Published: 22 January 2007Received: 27 July 2006 Accepted: 22 January 2007 Chiropractic & Osteopathy2007,15:3 doi:10.1186/1746-1340-15-3 This article is available from: http://www.chiroandosteo.com/content/15/1/3 © 2007 Cooperstein et al; licensee BioMed Central Ltd. This is an Open Access article distributed under the terms of the Creative Commons Attribution License (http://creativecommons.org/licenses/by/2.0), which permits unrestricted use, distribution, and reproduction in any medium, provided the original work is properly cited.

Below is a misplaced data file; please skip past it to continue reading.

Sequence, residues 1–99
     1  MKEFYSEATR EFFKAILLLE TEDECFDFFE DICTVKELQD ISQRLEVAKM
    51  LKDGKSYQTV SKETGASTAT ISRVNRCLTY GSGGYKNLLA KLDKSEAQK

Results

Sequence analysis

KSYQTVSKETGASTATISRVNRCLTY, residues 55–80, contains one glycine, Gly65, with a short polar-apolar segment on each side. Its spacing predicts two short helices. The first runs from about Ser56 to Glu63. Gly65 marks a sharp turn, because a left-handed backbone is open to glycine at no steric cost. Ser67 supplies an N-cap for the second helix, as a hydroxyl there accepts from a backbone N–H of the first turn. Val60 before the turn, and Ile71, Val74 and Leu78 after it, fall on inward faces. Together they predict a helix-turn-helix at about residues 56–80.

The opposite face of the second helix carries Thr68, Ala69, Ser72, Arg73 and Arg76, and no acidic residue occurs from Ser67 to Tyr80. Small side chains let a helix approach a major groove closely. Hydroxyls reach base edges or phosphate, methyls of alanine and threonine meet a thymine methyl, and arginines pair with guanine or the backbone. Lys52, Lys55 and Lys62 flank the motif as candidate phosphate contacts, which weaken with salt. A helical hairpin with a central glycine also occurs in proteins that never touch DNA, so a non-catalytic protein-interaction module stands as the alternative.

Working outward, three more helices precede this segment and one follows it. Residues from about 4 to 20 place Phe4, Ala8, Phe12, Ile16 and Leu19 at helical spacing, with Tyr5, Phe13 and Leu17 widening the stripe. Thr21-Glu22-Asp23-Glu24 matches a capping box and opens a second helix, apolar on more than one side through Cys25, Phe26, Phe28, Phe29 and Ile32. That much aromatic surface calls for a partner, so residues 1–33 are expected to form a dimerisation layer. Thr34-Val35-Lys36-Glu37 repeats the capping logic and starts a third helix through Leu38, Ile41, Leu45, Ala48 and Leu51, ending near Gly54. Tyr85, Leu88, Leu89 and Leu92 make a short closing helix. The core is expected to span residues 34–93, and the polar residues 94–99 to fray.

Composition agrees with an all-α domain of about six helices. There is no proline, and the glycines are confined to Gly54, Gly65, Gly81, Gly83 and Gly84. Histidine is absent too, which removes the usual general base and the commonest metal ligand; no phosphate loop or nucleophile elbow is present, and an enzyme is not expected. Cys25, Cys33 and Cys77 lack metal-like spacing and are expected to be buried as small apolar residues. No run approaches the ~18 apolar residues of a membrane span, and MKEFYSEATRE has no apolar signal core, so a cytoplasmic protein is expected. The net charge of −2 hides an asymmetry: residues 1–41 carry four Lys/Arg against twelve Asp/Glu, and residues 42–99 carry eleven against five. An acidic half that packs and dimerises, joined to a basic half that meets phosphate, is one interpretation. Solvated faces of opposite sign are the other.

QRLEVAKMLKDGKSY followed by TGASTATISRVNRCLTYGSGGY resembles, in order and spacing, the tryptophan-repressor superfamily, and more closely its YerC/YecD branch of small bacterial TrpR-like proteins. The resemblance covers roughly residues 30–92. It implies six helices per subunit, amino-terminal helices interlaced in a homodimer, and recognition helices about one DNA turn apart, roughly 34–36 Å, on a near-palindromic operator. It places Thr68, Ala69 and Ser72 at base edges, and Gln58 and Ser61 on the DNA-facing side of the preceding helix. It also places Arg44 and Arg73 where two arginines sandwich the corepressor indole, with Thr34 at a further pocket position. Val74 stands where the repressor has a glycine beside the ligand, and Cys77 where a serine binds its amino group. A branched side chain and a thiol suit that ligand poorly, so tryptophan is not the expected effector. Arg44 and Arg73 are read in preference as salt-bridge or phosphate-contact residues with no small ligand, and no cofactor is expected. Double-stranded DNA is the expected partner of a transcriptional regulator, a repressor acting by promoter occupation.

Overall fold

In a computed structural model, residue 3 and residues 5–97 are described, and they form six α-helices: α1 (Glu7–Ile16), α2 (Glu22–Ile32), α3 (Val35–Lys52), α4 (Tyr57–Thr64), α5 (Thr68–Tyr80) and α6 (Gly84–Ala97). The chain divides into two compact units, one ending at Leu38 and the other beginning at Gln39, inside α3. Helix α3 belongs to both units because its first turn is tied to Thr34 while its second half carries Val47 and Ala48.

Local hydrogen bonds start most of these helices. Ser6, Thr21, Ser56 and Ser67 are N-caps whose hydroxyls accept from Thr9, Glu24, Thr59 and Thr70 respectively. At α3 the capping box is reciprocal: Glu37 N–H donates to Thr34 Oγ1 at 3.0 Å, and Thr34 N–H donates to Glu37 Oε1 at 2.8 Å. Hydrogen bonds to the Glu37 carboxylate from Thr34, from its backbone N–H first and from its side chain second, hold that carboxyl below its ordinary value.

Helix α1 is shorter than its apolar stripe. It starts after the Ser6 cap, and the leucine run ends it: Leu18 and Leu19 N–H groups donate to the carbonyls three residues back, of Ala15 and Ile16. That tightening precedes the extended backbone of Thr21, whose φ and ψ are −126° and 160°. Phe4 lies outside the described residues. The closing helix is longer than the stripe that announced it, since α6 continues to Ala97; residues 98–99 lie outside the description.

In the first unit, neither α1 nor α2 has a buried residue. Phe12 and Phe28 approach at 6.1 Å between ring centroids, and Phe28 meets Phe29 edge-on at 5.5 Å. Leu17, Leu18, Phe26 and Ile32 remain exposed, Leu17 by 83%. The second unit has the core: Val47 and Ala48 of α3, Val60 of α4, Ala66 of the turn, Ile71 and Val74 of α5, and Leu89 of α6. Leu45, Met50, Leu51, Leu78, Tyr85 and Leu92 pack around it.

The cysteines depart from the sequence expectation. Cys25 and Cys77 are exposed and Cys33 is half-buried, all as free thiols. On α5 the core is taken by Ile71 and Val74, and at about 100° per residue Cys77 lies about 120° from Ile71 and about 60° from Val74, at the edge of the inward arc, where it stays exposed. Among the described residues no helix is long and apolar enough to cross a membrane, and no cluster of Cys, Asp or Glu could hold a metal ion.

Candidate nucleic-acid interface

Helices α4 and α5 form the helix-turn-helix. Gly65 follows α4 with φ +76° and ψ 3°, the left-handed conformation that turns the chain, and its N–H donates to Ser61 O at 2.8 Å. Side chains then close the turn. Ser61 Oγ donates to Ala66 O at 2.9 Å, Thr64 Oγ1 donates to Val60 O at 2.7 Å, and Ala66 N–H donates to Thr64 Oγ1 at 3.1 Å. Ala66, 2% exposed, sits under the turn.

Abstract Background:Chiropractors use a variety of supine and prone leg checking procedures. Some, including the Allis test, purport to distinguish anatomic from functional leg length inequality. Although the reliability and to a lesser extent the validity of some leg checking procedures has been assessed, little is known on the Allis test. The present study mathematically models the test under a variety of hypothetical clinical conditions. In our search for historical and clinical information on the Allis test, nomenclatural and procedural issues became apparent. Methods:The test is performed with the subject carefully positioned in the supine position, with the head, pelvis, and feet centered on the table. After an assessment for anatomic leg length inequality, the knees are flexed to approximately 90°. The examiner then sights the short leg side knee sequentially from both the foot and side of the table, noting its relative locations: both its height from the table and Y axis position. The traditional interpretation of the Allis test is that a low knee identifies a short tibia and a cephalad knee a short femur. Assuming arbitrary lengths and a tibio/femoral ratio of 1/1.26, and a hip to foot distance that placed the knee near 90°, we trigonometrically calculated changes in the location of the right knee that would result from hypothetical reductions in tibial and femoral length. We also modeled changes in the tibio/ femoral ratio that did not change overall leg length, and also a change in hip location. Results:The knee altitude diminishes with either femoral or tibial length reduction. The knee shifts cephalad when the femoral length is reduced, and caudally when the tibial length is reduced. Changes in the femur/tibia ratio also influence knee position, as does cephalad shifting of the hip. Conclusion:The original Allis (aka Galeazzi) test was developed to identify gross hip deformity in pediatric patients. The extension of this test to adults suspected of having anatomical leg length inequality is problematic, and needs refinement at the least. Our modeling questions whether this test can accurately identify aLLI, let alone distinguish a short tibia from a short femur.